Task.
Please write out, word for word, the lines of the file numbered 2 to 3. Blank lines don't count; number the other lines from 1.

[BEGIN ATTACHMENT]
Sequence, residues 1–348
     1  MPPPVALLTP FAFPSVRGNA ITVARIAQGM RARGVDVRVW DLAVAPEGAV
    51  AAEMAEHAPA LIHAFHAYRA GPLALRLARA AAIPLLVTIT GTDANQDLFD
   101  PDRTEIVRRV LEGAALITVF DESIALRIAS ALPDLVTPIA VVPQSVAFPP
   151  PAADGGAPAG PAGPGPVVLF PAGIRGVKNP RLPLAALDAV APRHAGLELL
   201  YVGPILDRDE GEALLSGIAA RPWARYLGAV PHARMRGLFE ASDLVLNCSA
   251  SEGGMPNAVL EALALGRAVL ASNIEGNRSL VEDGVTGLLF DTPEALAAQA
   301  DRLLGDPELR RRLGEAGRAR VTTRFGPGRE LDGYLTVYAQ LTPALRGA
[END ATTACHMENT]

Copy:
     1  MPPPVALLTP FAFPSVRGNA ITVARIAQGM RARGVDVRVW DLAVAPEGAV
    51  AAEMAEHAPA LIHAFHAYRA GPLALRLARA AAIPLLVTIT GTDANQDLFD